Lucas Leiva‘s future as a Liverpool player is constantly up for debate, but should the Brazilian finally depart Merseyside after 10 years this summer?
The defender has been regularly touted with a move away from Anfield over his decade with the Reds, with clubs from Serie A to the Super Lig reportedly interested.
Despite this perennial speculation, Lucas has endured to become Liverpool’s current longest-serving player, and converted into a centre-back under Jurgen Klopp, has preserved his relevancy.
With the Reds set to qualify for the Champions League next season, however, there are certainly reasons to argue for and against the 30-year-old’s departure this summer.
SELL: Sachin Nakrani
I don’t like clutter. Some people do, but I don’t. If something’s not worth keeping, if it’s past being useful, then get rid. Sofas, kitchen utensils, clothes…Brazilian midfielders.
To borrow a cliche, Lucas Leiva has been a ‘great servant’ to Liverpool. A decade at the club and it’s hard to recall a match when he hasn’t given his absolute all.
For a short period in 2011 he was also really, really good. Finally, it looked like we had a properly good player on our hands. But then injury struck and he’s not been the same since.
Lucas isn’t actually that old—30 and three months—yet he plays like someone at the very end of his career and that appears particularly stark in a Jurgen Klopp team where the emphasis is on high-energy attacking and relentless pressing.
Quite simply he’s not a good fit, in midfield or in defence, where he has been used from time to time and done OK but should no longer be considered a long-term option, either as a starter or a backup.
It’s time Liverpool got serious about defending properly, no more half-arsed selections, and that includes picking Lucas to play as a centre-back.
So this summer, whether his contract comes to an end or not, Lucas should depart Anfield.
He’s done himself proud and will always be welcomed back, but he’s past his usefulness and experience alone is no reason to keep him. Time to get rid.
KEEP: Henry Jackson
It’s a really difficult one, but if push came to shove, I would say keep him. I must stress that the main reason for this is his influence in the dressing room, rather than on the pitch.
He is Liverpool’s longest-serving player, and he understands what playing for such a huge club means more than any other current squad member. You only have to see some of his celebrations to see that.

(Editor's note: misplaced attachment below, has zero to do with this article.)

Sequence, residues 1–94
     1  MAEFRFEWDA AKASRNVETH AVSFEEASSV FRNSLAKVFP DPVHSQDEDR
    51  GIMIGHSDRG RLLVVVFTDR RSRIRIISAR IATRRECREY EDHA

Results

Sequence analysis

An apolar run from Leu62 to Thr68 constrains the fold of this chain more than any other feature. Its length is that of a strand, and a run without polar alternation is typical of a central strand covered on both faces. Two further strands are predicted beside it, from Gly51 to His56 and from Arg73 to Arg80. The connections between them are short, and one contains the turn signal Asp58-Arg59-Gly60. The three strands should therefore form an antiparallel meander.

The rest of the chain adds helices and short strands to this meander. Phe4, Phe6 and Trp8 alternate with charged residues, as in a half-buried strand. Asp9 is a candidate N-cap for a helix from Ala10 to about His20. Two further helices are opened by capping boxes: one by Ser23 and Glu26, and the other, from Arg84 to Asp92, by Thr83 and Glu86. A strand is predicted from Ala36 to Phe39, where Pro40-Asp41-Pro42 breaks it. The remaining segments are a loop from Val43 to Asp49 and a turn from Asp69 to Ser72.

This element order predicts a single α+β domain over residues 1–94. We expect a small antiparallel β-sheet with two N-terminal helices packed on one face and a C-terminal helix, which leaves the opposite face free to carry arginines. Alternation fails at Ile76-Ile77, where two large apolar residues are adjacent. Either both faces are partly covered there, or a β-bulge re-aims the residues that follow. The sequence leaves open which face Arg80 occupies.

He could play a similar role to what Kolo Toure did during the end of his time at Anfield—featuring very sporadically but still chipping in now and again. If Klopp was planning on using him fairly regularly still, I wouldn’t want that.
If he is still around but well down the pecking order, I don’t see any harm in that.
SELL: Karl Matchett
I have nothing against merely keeping Lucas. Squad mentality, after quality, is the overriding factor on whether or not a team is successful and Lucas clearly and obviously plays a part in that, in training, the dressing room and so on.
The issue is that as a central midfielder, he’s now at least fifth best (with Hendo, Lallana, Can and Gini ahead) and common wisdom says the Reds need another big addition in that area in the summer.
So as a sixth, his game time will be minimal and when he does play he’s preventing one of the young talents getting a run, be it as a late sub or in a cup game.
Personally if we have six for three spaces (forwards, midfielders, wherever) I always prefer the last choice out of the six to be reserved for a kid trying to break through (or three kids, and they all push each other for those infrequent minutes).
There’s a lot to consider, and partly it depends on the mindset of the players brought in, but overall, yes he should be sold to allow the side to progress.
It’s not the end of the world if he’s not moved on and it doesn’t indicate the team not pushing on though, because his presence is also a boost for others in the side who we need happy, need comfortable and need surrounded by positive influences.
Lucas is a different scenario to, for example, Martin Skrtel who was also here across a barren stretch but as a first-team player; his position didn’t improve and thus the team didn’t.
Lucas is a sub more often than not, so him remaining doesn’t halt progress.
KEEP: Jack Lusby
Earlier this season, I would have pushed for a swift departure for Liverpool’s longest-serving player, who had seemed to have outlived his shelf life on Merseyside.
But his minor renaissance at centre-back, and his evidently crucial role in the dressing room, suggest Lucas could still be a valuable asset for the 2017/18 campaign.
That both Jordan Henderson and Philippe Coutinho have both hailed Lucas’ off-field influence recently is a testament to his impact among Klopp’s senior squad, having served to oversee their adjustment on arriving.
Lucas’ performances in recent games have been hugely impressive, particularly when deployed back in his natural midfield role against Everton, and I think his full-blooded approach does have its place.
With Liverpool likely competing in the Champions League next season, Klopp will need more depth, and parting ways with a player like Lucas may be ill-advised.
He’d be far from first choice for me, but there is little harm in allowing Lucas to see out the final year of his contract.